import step files for your models

Many mechanical parts like connectors, switches and large parts are offered as STEP models by their manufacturers. Unfortunately there is no direct way to import them into Sketchup, so we usually have to redraw them from scratch based on the datasheet and some imagination.

Lorenz wrote me a short description of his method to import STEP files. I will illustrate it with a Micro-Match connector, manufactured by Tyco. The reference of the part is 1-215460-0. Follow the link and download the STEP model (you do not need to sign in, just close the popup).

Locate the zip file on your computer and extract it. There should be a .stp file inside.

Download and install FreeCAD. This tool is multi platform. Launch it.

Import the model with File / Import .

Press ‘0’ (zero) for isometric view. Pretty realistic. It would be a lot of work to draw so many details !

Create a mesh for this model : Meshes / Create mesh from shape. Click OK in the left hand side tab.

Then click on “c_0215460_10_u_3d (Meshed)” and Meshes / Export mesh… Save as binary STL.

You can open the STL file with eDrawings to check the intermediate file.

Still looking nice ?

Now download and install Blender. This tool is multi platform. Launch it and import the STL file : File / Import / Stl…

Export as Collada (DAE).

Then Import the dae file in Sketchup. You can explode the model and edit it : add colors, re-orientate it.

A good check is to measure the component and check that the dimensions are correct (remember the scale : millimetres are now meters).

Summary : STP => STL => DAE => SKP

Feel free to share your own methods in the comments.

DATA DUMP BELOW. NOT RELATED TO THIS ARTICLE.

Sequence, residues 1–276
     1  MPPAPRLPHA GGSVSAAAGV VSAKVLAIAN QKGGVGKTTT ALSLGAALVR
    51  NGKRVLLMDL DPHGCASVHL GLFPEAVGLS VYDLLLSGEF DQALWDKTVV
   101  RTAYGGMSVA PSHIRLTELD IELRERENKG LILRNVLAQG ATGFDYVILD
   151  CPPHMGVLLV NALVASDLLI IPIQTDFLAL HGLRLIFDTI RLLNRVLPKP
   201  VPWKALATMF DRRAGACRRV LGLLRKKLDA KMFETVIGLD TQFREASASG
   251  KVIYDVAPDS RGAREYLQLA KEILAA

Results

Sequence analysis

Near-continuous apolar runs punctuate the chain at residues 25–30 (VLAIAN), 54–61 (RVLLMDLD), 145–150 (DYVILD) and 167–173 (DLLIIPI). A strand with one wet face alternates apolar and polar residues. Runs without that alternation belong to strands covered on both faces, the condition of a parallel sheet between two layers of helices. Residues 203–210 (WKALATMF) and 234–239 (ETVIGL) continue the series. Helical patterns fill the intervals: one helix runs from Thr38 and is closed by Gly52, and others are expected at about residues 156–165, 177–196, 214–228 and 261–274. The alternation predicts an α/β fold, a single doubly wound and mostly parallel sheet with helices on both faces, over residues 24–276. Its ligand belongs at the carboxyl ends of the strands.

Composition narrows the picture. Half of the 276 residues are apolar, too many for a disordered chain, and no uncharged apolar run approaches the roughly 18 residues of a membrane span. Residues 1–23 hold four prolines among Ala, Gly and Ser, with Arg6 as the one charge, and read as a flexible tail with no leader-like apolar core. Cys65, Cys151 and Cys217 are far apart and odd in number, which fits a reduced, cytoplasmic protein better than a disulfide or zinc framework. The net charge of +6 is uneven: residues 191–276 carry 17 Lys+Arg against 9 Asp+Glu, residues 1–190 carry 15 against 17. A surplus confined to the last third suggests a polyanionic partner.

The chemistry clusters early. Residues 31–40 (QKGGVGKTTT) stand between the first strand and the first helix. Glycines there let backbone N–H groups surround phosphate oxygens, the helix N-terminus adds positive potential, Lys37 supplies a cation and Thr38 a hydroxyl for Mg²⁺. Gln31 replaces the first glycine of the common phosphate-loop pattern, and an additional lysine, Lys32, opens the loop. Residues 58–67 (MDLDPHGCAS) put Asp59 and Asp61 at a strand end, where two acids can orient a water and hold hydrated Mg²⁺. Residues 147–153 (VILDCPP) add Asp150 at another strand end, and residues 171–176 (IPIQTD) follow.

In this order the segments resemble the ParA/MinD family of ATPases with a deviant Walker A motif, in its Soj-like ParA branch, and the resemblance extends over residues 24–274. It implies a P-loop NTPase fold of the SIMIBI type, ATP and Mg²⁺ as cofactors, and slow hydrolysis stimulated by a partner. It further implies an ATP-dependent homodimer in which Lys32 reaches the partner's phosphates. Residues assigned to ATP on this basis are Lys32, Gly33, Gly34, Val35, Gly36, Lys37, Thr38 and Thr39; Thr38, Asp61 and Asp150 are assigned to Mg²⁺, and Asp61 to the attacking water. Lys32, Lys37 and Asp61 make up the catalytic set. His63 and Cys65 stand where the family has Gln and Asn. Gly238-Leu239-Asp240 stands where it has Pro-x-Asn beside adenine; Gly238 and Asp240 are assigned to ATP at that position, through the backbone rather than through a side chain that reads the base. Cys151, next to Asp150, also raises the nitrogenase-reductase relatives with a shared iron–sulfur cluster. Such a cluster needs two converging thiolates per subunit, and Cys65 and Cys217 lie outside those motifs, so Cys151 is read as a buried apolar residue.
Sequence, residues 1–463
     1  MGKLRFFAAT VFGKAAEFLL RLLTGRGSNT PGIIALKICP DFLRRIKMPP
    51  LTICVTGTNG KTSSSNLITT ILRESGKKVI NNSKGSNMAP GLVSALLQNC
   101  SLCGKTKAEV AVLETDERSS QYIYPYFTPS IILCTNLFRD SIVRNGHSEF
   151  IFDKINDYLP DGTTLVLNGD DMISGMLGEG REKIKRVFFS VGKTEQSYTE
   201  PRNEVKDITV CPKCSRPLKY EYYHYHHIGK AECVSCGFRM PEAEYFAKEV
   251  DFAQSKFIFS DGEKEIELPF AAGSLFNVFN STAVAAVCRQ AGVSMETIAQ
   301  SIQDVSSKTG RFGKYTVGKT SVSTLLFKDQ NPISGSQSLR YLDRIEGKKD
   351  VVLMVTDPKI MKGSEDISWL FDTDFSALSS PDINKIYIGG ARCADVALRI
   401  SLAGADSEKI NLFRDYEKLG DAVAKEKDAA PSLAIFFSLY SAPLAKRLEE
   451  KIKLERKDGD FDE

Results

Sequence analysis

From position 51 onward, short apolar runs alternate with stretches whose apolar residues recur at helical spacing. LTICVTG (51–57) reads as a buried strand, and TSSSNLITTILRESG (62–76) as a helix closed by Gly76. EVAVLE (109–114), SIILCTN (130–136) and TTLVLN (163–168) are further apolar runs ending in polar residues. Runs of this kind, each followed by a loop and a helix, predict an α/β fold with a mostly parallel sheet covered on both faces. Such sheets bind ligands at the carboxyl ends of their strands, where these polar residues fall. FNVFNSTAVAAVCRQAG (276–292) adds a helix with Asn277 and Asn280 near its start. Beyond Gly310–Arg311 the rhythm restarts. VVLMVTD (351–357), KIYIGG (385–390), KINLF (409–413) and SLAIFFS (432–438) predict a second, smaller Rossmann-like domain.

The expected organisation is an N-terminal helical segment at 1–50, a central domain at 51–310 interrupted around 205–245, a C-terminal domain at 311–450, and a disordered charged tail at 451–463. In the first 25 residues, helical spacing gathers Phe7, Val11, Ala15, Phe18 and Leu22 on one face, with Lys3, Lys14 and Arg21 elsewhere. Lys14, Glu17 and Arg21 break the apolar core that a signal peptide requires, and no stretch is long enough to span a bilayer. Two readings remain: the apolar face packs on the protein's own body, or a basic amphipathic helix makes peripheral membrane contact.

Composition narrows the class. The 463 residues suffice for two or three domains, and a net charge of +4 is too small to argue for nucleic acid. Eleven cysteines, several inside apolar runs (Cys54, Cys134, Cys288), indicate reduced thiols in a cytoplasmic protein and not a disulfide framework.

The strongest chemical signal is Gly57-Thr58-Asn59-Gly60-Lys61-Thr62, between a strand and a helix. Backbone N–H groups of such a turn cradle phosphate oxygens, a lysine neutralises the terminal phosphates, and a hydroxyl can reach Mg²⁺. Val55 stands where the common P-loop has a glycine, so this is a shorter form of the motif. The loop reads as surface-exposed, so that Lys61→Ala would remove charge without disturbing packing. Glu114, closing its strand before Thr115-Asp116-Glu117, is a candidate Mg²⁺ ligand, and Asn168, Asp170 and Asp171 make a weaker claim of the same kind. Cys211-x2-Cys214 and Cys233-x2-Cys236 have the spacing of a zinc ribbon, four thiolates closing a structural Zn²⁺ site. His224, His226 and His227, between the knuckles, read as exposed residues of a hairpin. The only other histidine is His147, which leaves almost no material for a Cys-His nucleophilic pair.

12 thoughts on “import step files for your models

  1. Thanks!
    Actually, I couldn’t get it because my .step is made of several thinks and the “Create mesh from shape” command creates one for each. I don’t know how to group them. Any thoughts?

      • When you export or save a step file as a STL, that merges all of the subassemblies as a single part. If you look at the pictures above, you will notice that it is highlighted as a single solid piece in Blender.

  2. My import would hang every time. However, I was able to solve this by changing the import process slightly. On import file window, click the options button, and uncheck the validate COLLADA file option.

  3. To export a complex mesh, with some meshes, you first have to merge them.
    So, you have to “Select all”, and then, in the “part” toolbar use “union” command to merge all parts.
    Now you have to “select all” again, and you can make a mesh.
    Finally, you Export your Mesh to stl file.

  4. Newer version of FreeCad that I downloaded allows export directly to STL, DAE, DXF, DWG, SVG and many more.

    A great program. Fast to install too!!

    It has been my saviour when working with Sketchup.

    • Excellent! That is a very practical tip. I use Freecad weekly to import/export parts but had not noticed the dae (Collada) export.
      Jerome

    • Somehow the DAE export is 1000 times larger in dimension, either imported by FreeCAD or Sketchup. Any cure?

      • I recommend to scale up 1000x the parts (mm become meters) in order to improve the resolution.
        If you want to scale up or down a part please check the menu plugins / eagleUp / Scale / Scale down 1000.
        Jerome

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